Pierce signed a a three-year, $10 million contract to return home (he grew up in Inglewood, Calif.) and play for his old coach Doc Rivers in Los Angeles.  He'll be 39 next season and coming off the worst season of his career. Pierce averaged 6.1 points, 36 percent shooting and 18 minutes a game, all career lows.

How does Isaiah Thomas improve? Eating right is one step

isaiah_endofyr_1280x720_676407875912.jpg

How does Isaiah Thomas improve? Eating right is one step

WALTHAM, Mass. -- This past season, Isaiah Thomas took a major step forward to becoming more than just a solid NBA player, but one of the game’s best.
 
He knows he won’t stay among the elite for long if he doesn’t make some changes with the most notable being to his diet.
 
“I do not eat good,” Thomas acknowledged following his exit interview this week. “I eat like a young guy, a young guy who got a little bit of money, fast food every day. But I’m definitely going to change.”
 
The change becomes necessary not only in light of how the season ended for him and the Celtics, but also for his long-term goals, which include playing in the NBA until he’s at least 40 years old.
 
“I’m not that old but the greatest players took care of their bodies the best,” Thomas said.
 
Among those cited by Thomas who excelled at taking care of their bodies was former Celtic Ray Allen.
 
But Thomas was quick to add that he won’t go to the lengths that Allen did in maintaining good health.
 
“Because he’s a little crazy with that,” quipped Thomas. “I just want to play at a high level for a long time, like Steve Nash, Kobe Bryant. You have to take care of your body. That’s half the battle of performing out there on the floor.
 
Thomas added, “This is a big summer for me to start doing that.”
 
Eating right is just part of the transformation process for Thomas.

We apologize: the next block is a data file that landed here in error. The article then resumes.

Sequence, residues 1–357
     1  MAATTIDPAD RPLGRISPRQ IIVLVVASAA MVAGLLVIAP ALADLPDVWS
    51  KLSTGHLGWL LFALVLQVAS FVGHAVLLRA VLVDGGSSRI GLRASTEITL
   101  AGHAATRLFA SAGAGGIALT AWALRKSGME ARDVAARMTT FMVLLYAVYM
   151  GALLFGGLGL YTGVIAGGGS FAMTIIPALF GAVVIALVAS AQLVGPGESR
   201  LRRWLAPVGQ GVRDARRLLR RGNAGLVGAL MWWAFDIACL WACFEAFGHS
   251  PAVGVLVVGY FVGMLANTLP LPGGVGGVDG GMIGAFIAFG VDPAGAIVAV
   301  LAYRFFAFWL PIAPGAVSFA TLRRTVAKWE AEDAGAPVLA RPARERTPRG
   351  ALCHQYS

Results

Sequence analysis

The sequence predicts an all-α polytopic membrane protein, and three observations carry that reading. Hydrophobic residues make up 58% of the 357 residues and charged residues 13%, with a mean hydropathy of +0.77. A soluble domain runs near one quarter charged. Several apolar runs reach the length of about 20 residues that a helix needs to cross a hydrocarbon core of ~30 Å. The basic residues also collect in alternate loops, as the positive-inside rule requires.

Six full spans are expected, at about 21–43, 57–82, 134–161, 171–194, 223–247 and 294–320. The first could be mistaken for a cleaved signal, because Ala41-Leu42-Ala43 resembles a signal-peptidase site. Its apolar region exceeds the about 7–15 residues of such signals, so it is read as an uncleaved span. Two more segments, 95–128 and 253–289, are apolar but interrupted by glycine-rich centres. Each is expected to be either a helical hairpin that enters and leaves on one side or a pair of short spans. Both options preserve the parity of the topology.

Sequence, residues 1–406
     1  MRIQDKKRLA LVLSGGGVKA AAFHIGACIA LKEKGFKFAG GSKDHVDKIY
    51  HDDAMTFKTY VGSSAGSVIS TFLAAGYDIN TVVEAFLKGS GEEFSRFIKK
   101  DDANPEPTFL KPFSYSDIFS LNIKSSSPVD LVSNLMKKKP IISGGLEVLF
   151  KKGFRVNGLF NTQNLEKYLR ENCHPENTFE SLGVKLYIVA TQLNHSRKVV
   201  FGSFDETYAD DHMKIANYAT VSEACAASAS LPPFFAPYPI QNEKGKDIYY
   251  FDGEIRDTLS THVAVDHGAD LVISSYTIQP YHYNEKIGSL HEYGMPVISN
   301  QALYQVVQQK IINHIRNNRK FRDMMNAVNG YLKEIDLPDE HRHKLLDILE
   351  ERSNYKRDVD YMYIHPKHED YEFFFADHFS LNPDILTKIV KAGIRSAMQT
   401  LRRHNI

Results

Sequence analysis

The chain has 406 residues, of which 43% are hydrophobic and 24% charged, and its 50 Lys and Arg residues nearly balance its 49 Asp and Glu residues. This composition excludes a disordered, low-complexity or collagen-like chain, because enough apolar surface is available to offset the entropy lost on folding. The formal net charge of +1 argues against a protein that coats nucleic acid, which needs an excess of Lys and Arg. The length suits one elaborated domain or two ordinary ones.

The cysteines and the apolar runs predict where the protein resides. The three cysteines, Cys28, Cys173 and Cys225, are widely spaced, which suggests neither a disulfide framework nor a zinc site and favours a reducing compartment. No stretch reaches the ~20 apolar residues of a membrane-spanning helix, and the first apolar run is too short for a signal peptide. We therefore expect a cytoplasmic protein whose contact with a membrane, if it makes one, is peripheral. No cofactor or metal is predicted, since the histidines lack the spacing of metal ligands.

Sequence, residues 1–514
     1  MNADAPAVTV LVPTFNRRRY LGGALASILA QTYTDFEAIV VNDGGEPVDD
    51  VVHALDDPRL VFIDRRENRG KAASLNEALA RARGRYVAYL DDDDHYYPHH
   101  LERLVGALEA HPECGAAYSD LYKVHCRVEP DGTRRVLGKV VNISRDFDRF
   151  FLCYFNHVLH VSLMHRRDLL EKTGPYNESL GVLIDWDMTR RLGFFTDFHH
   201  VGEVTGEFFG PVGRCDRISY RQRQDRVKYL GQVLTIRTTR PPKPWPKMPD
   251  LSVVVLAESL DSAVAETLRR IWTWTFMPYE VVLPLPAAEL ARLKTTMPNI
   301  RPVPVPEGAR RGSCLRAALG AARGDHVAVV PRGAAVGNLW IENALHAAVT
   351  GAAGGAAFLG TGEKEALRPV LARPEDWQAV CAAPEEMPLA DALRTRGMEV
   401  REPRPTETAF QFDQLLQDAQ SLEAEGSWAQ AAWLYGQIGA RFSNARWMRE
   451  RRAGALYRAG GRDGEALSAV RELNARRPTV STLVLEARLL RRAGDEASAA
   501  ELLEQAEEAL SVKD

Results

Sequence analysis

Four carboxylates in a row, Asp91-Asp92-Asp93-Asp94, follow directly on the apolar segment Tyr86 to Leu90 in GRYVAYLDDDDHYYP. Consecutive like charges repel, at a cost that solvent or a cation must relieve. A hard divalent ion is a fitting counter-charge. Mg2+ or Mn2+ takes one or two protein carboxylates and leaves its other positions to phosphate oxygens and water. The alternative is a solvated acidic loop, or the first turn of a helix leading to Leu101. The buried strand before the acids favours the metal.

He’ll also modify is offseason workouts to include some work in the boxing ring with long time friend Floyd Mayweather, Jr.
 
“I’m definitely work with him a few times, get my conditioning right, probably train, do some boxing stuff on the side, just to get in that type of shape,” Thomas said. “You get in that type of shape you won’t get tired on the basketball floor. This summer is big for me, transforming my body, getting into the best shape possible and coming back and having another all-star year.”
 
For the Celtics to improve upon this past season, they will need Thomas to continue elevating his play as well as the play of those around him.
 
It is that latter point that was among the many reasons Boston’s season is over. No matter what he did, those around him could not step their game up to a level needed in order to get past the Atlanta Hawks.
 
Chalk it up to another lesson learned for Thomas.
 
“You can’t do it on your own,” Thomas said. “There’s no way you can do it on your own. Nobody can do it on your own; and how hard it is to win playoff games, a playoff series. It’s not easy.”
 
And when you come up short, for Thomas is created an uneasiness that he never wants to experience again.
 
“I’m going to do whatever it takes to not have this feeling again,” he said. “It really hurt me. I’m going to use that as motivation to continue to get better and to work on my flaws and make those into my strengths. I promise you’ll I’ll be back better than ever next year.”